The Memory Police
By Yoko Ogawa, Translated by Stephen Snyder
Vintage, 9781101911815, July 2020, 288pp.
The Short of It:
Ethereal and beautiful, tinged with sadness.
The Rest of It:
On a remote island, random objects begin to disappear. Birds, roses, ribbons, etc. The inhabitants wake to a feeling of change yet can’t put their finger on what has changed until they interact with others on the island. The strange thing is that the feeling that the disappearance causes precedes the actual disappearance which is followed through to completion by the inhabitants themselves. So when roses disappear, the inhabitants gather up all the roses to destroy them and send them down a river.
The disappearances are enforced by the Memory Police. How they know when someone is holding out is not explained but if someone tries to preserve something that has disappeared, they are taken away. Eventually, when all traces are removed, most of the inhabitants can no longer recall the item at all. All memory of the item has disappeared as well. But there are some who never forget. The memories of these items remain in them, and for some, they’ve even been able to preserve the actual item, such as a piece of candy. As living becomes more difficult and the situation more dire, you can’t help but compare what is going on with Orwell’s 1984.
The three main characters are for the most part, unnamed. Our protagonist, a young woman, lost both her parents and lives a solitary life. She is a writer and befriended by her editor, only known as “R” and a kind old man who knew her mother. The three navigate these disappearances as best they can but “R” happens to be one of the people who can remember and so he must go into hiding with their help. What will disappear next?
This story is beautifully written. I found myself rereading many passages as I went along. The author’s skill at evoking a particular memory is especially wonderful. I found myself mourning all the things we have lost during this pandemic. The smell of a wonderful meal, served to me in a bustling restaurant filled with laughter and happy people. Or I found myself missing movie theatres and that anticipation you feel when the previews roll or the smell of hot buttered popcorn while sitting back to enjoy a really good film. The story made me feel all kinds of things. Yes, it made me a little sad but also hopeful because I am fairly certain that the tangible things we’ve lost during this pandemic are only temporary losses, not like the ones in the story.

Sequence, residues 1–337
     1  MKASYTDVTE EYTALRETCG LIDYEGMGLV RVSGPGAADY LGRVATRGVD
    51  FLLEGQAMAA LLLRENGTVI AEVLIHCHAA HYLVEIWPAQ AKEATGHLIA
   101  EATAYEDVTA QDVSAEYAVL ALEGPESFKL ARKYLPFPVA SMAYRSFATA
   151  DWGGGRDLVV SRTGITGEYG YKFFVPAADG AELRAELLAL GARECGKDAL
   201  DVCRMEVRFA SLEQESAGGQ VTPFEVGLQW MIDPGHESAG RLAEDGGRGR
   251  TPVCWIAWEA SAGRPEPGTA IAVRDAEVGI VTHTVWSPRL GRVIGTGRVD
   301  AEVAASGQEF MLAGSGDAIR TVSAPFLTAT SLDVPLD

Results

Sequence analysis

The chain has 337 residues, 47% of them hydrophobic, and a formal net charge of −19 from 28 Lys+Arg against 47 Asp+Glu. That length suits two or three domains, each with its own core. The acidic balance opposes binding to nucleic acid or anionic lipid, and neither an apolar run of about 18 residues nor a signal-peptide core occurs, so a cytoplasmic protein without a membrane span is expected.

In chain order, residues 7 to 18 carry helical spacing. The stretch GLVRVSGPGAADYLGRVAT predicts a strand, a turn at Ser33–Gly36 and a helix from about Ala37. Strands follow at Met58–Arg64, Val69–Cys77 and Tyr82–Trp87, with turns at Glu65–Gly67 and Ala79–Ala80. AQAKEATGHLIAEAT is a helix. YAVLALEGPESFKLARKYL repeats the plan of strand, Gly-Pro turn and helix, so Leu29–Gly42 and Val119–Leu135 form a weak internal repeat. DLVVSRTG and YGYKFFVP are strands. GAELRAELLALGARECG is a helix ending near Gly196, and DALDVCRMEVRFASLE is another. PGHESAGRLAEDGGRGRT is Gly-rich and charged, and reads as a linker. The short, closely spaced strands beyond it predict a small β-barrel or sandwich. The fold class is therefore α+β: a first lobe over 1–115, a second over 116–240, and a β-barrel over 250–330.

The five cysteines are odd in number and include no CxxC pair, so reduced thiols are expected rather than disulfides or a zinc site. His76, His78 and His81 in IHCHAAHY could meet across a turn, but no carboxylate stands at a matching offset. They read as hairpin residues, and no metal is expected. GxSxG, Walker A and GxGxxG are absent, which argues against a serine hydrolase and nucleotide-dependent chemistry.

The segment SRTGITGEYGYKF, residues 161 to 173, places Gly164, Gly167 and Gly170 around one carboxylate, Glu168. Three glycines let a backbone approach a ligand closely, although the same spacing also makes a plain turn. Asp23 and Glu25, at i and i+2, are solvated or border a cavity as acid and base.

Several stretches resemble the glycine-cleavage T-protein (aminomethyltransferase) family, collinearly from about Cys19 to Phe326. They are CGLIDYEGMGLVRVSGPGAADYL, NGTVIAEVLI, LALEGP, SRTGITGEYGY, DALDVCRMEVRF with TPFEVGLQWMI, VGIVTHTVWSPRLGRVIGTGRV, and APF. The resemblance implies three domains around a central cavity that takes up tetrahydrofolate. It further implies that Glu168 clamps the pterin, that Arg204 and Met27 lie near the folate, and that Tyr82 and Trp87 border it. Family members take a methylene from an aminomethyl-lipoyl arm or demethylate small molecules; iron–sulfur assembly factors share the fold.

The author’s inspiration was Anne Frank’s The Diary of a Young Girl. This makes sense when you consider the hiding that must take place to keep these people safe. The Memory Police is a wonderful read. I have found a new favorite author in Ogawa and can’t wait to read another book by her.
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17 thoughts on “Review: The Memory Police”
Lovely review, I loved this one. You’re so right about those things we are missing at the moment. For me it is busy coffee shops, chatting for hours to friends, the empty cups building up. And the theatre.
Yes. Both my kids are involved with theatre so we are really missing live theatre. My Hamilton tix were cancelled twice. Now we hope to go in Jan 2022.
Ti, I’m so happy you enjoyed Ogawa’s book. Her writing is excellent. I think you will definitely love reading more of her work. And your post was terrific – really showed us just how much you enjoyed the book 🙂
Her writing really soothed me even though it was a somewhat terrifying subject to write about. The loss of memory, no matter how it happens, is always frightening, I think.
It’s such an interesting premise that someone is controlling the memories. Great review!
I’ve seen other reviews of this book and didn’t think I was interested, but your remarks have convinced me that I need to give it a try. Adding it to my huge list!
The evocative manner in which the author tells the story is something I think you’d quite enjoy.
Nicely reviewed. I like how you compared it to today’s pandemic of things disappearing. I read this in 2020 and liked it quite a bit. Its story is unsettling … with her editor hidden in the small cell under her floorboards, which freaked out my claustrophobia. There’s also that weird part about the novel the main character writing about a typist who becomes imprisoned by a teacher. There’s a lot within this simply told story!
The story within a story worked nicely here. That story could be discussed all by itself.
This sounds wonderful! I bought it at an independent bookstore way back in the day when people could travel for conferences and go into independent bookstores in the cities where the conferences were being held. A different time!
Break it out! It was really quite good to read now, during the pandemic. I could relate to a lot of the loss outlined in the story.
This is one I never considered until reading your thoughts. It seems like it’s well written and different as well.
I think my experience with this book was particularly good given that I am missing so many things right now. It felt very timely. It’s very different. Not like anything I’ve read. Maybe a little like Murakami but mildly so.
I have read short stories by Yōko Ogawa and loved her writing. You make me want to read this novel of hers too.
I will definitely be reading more of her work.
I am so glad that you loved this book. I felt more or less the same as you did. So many parallels between the book and our real world despite them being about completely different experiences. Your notes about how it made you think about what you are missing due to the pandemic is so spot on!
I don’t know that I could read this one during the pandemic for that precise reason — things disappearing.